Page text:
Sadly, this is an issue not as easily remedied. Some vinyl record collectors will tell you that it is possible to fill more dramatic holes in a record with epoxy or wood glue. This would fill in the scratch certainly and mean that the needle would not jump. However, needles simply are not designed to grind against such materials. Marring the disc in this way is all well and good, but the needle will undoubtedly suffer for it.
Thus, the main solution here would simply be to purchase a new record, of either the same album or a different but related one, by the same artist or other proponents of the sound contained within.
Issues with the Record Player
Though less likely, it is also within the realms of possibility that the record player itself is at fault. It can just as easily fall prey to certain faults and issues if not carefully tended to. For all the wonders of vinyl record collecting, the audiophilia and the hobbyist aspects, there are so many inherent faults with the medium that it is no wonder technology moved on. It is outdated technology, pure and simple, but it is our outdated technology.
Incorrect Calibration of Record Player
Turntables come out of the factory with a number of specialised settings, and if you are trying to listen to a record and are left asking ‘why do records skip’, it might just be that your turntable is not calibrated quite right. More specialised turntables will come with various settings for the stylus itself.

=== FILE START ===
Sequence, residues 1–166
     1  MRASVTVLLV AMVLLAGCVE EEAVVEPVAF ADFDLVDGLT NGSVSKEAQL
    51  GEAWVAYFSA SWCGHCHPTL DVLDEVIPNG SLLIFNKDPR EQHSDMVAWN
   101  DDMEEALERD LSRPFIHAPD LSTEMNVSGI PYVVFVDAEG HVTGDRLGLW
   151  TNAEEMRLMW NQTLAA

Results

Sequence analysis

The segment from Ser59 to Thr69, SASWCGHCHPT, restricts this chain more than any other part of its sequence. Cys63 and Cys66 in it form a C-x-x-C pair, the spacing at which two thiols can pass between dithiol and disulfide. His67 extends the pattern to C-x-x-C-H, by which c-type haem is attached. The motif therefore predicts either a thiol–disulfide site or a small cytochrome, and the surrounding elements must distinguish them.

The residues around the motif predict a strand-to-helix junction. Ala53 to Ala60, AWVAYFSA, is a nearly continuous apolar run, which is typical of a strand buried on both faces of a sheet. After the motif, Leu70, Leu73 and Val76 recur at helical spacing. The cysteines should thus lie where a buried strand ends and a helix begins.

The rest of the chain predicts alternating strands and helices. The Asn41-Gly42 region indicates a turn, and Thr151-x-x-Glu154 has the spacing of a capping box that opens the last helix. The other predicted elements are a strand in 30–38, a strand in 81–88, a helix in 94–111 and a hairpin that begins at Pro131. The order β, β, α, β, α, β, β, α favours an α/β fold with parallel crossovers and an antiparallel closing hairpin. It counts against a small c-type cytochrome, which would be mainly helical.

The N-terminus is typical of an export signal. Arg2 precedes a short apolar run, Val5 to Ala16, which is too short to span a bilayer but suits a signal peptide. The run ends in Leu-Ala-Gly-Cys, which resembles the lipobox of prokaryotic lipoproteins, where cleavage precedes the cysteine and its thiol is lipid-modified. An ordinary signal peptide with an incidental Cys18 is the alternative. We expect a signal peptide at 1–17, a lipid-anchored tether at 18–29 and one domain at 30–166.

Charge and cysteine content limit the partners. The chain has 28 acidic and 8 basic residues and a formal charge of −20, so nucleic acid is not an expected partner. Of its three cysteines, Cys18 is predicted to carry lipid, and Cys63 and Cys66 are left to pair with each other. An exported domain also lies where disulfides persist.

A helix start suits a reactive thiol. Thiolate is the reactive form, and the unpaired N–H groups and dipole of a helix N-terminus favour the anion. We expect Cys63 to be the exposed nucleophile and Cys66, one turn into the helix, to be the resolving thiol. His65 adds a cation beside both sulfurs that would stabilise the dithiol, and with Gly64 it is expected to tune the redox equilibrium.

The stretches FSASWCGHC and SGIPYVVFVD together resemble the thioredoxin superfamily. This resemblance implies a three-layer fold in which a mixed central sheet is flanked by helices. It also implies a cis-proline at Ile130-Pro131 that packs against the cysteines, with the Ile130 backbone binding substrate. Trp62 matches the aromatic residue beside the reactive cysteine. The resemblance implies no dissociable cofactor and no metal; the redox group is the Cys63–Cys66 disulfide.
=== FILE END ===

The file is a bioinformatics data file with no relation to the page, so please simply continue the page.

Tracking force, for example, is how people refer to the amount of force placed on the record by a stylus. If too low, skipping is likely to occur often. Likewise, if too high, wear can occur on the disc itself and stylus, more than usual anyhow.
This tracking force can be set by adjusting the turntable in question’s counterweight to the proper specifications of the manufacturer of the stylus cartridge. The same can likewise be done with a specific turntable stylus scale to gauge the tracking force.
Similarly, the anti skating measures on a turntable work in the same sort of way, designed to prevent the stylus going on any unspecified excursions on the surface of the record. Thus, if your turntable is host to these settings, you will need to adjust them accordingly, either to the specifications of the manufacturer or via the information of some online resource.